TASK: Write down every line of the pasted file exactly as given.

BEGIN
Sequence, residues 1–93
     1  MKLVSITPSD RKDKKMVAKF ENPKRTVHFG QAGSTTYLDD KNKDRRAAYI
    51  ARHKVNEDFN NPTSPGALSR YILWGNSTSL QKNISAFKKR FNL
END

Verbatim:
Sequence, residues 1–93
     1  MKLVSITPSD RKDKKMVAKF ENPKRTVHFG QAGSTTYLDD KNKDRRAAYI
    51  ARHKVNEDFN NPTSPGALSR YILWGNSTSL QKNISAFKKR FNL